Radical community is rooted in love, nourished in prayer, and strengthened in courageous vulnerability as we listen, engage, forgive, learn, grow, serve, and extend compassion to all.
Love one another deeply from the heart. 1 Peter 1:22b
Traced back to their roots the words radical and community mean: To fortify, strengthen, or defend together to the root.
(radix – to the root; munis – to fortify, strengthen, or defend; com – with, together)
To strengthen together to the root is the lifeblood of what it means to love one another deeply from the heart.
The Greek word for one another, allelon, occurs 100 times in the New Testament. As “members of one another: Romans 12:5, Ephesians 4:25, we were created for relationship – first with God then with each other. Community is foundational to who we are. As the Body of Christ on earth, we are called to love and serve one another, to sacrificially put each other’s needs ahead of our own.
We were created in and for community, and are called to community by the One who is community Himself – Father, Son, and Holy Spirit.
Throughout the pages of Scripture, God powerfully, purposefully weaves the stories of His people’s lives together:
• Moses and Aaron
• Joshua and Caleb
• David and Jonathan
• Naomi and Ruth
• Esther and Mordecai
• Daniel, Shadrach, Meshach, and Abednego
• Elijah and Elisha
• Mary and Martha
• Paul and Timothy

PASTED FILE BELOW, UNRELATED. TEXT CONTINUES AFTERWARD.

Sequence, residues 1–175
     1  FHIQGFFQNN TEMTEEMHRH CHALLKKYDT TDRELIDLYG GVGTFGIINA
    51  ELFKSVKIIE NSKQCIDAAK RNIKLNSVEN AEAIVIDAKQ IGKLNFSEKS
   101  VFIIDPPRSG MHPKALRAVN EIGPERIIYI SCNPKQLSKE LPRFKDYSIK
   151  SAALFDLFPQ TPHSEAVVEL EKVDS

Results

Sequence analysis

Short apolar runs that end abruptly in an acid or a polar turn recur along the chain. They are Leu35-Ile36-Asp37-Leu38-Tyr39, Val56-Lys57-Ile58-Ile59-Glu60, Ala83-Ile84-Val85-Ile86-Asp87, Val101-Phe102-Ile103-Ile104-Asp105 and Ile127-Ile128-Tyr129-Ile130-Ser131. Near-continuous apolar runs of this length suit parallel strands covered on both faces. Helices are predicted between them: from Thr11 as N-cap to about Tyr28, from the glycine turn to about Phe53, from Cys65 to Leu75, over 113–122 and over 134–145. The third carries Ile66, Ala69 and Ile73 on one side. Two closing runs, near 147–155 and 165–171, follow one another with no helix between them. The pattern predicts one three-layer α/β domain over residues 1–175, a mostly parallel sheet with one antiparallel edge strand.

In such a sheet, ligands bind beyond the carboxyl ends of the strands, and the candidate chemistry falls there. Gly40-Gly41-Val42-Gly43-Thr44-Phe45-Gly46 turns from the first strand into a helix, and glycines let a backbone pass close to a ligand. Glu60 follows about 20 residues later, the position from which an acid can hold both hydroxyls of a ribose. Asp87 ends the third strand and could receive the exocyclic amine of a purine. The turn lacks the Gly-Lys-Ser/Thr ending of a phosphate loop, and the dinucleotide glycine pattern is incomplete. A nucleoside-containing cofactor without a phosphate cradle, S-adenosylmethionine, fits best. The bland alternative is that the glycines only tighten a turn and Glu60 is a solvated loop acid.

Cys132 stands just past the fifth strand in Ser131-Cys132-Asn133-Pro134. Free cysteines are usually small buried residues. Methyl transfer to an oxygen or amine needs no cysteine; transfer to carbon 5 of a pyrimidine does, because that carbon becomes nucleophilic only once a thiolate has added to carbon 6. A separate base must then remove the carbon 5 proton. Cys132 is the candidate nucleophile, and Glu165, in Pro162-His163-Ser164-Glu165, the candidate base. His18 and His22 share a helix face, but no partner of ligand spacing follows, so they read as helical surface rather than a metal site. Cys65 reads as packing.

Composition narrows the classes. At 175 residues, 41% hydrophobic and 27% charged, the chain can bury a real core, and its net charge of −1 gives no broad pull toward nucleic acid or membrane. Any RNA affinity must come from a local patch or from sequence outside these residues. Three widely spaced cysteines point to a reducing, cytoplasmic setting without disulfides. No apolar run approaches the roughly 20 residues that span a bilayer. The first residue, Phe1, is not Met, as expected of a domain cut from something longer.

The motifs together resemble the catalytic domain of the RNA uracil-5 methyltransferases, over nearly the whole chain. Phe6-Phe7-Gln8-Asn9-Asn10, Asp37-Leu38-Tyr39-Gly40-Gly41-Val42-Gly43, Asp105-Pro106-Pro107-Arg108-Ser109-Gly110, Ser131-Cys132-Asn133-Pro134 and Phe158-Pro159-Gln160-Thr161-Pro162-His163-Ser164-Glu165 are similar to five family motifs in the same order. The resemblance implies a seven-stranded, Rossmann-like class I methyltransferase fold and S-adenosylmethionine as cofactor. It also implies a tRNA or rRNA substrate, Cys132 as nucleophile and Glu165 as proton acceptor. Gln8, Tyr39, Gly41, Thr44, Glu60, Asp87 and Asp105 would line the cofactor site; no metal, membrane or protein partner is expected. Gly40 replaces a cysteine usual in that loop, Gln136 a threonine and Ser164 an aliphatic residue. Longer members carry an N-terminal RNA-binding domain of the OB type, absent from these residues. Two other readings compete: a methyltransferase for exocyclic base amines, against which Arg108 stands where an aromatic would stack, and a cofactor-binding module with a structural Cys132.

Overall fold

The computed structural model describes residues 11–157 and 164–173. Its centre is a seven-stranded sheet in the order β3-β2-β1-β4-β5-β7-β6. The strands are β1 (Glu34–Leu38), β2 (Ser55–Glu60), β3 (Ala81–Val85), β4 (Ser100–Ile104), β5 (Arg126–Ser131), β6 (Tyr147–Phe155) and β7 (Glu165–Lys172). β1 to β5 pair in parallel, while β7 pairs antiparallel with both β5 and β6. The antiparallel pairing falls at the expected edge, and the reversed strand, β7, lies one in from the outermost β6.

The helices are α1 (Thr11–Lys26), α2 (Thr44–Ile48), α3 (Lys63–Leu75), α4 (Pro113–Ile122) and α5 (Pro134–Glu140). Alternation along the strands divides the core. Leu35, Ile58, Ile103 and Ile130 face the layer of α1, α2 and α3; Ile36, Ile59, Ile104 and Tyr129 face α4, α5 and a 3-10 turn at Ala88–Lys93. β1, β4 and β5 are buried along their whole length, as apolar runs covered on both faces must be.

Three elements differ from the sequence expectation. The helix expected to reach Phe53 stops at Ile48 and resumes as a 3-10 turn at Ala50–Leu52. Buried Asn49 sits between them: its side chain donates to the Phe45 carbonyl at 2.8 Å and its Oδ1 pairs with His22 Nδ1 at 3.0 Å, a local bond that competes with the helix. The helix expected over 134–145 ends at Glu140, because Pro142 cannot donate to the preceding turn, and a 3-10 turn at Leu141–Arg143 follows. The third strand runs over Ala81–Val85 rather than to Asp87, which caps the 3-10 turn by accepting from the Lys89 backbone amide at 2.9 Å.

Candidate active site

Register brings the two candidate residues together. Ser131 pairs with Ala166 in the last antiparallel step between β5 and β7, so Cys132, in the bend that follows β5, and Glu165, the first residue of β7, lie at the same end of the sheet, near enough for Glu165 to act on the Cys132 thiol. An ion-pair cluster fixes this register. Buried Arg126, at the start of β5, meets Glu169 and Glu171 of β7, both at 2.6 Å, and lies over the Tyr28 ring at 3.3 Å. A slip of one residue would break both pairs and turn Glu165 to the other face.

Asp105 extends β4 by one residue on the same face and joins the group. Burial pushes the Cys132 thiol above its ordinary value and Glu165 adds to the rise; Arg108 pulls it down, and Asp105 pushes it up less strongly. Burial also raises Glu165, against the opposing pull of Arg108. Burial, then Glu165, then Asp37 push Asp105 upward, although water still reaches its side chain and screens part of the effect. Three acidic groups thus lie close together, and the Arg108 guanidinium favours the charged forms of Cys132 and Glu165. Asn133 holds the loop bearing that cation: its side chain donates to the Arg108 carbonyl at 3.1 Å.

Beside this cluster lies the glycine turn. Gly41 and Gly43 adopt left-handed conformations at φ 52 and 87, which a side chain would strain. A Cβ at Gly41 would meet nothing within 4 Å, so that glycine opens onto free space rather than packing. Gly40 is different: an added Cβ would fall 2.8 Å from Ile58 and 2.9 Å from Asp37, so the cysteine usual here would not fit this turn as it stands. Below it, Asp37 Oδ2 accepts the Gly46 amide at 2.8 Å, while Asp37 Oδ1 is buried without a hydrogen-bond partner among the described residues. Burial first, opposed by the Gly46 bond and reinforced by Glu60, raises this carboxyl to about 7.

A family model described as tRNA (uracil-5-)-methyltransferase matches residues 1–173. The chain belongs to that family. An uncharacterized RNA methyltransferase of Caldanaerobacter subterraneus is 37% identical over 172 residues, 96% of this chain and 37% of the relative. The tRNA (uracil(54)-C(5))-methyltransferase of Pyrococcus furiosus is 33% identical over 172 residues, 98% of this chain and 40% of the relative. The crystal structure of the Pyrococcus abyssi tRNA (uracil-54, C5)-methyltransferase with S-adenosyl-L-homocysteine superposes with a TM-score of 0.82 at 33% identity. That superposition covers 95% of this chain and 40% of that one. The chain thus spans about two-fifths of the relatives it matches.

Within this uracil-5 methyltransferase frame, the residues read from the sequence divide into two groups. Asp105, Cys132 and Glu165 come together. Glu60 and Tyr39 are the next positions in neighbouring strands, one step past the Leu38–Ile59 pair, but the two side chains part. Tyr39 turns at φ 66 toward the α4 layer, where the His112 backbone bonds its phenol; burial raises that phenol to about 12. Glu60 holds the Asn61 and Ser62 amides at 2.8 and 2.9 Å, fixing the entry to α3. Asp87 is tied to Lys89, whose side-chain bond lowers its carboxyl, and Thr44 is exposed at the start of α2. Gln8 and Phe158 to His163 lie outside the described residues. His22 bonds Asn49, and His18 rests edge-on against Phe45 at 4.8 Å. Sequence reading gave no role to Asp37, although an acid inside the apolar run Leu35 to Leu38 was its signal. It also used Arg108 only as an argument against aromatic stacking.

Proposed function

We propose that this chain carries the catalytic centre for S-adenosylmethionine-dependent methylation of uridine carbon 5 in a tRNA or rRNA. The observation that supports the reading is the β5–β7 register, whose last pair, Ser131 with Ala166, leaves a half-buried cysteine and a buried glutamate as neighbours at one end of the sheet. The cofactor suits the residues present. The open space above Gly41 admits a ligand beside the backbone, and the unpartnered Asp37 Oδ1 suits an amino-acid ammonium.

DISCOVER THE CULTIVATING WORK OF PRAYER
Community is where we discover the cultivating work of prayer.
“A Christian fellowship lives and exists by the intercession of its members for one another, or it collapses. I can no longer condemn or hate a brother for whom I pray, no matter how much trouble he causes me. His face, that hitherto may have been strange and intolerable to me, is transformed in intercession into the countenance of a brother for whom Christ died, the face of a forgiven sinner.” Dietrich Bonhoeffer
“Prayer is an intimate act, and draws people close to each other. We overcome and work out many things when we pray together.” Jessica Archuleta
SOW SEEDS OF PATIENCE, KINDNESS, COMPASSION, AND GENEROSITY
Community is where we sow seeds of patience, kindness, compassion, and generosity.
“Compassion is the gate to human community.” John D. Chittister
“Every Christian community must realize that not only do the weak need the strong, but also that the strong cannot exist without the weak. The elimination of the weak is the death of fellowship.” Dietrich Bonhoeffer
NURTURE AUTHENTICITY, ACCOUNTABILITY, AND FORGIVENESS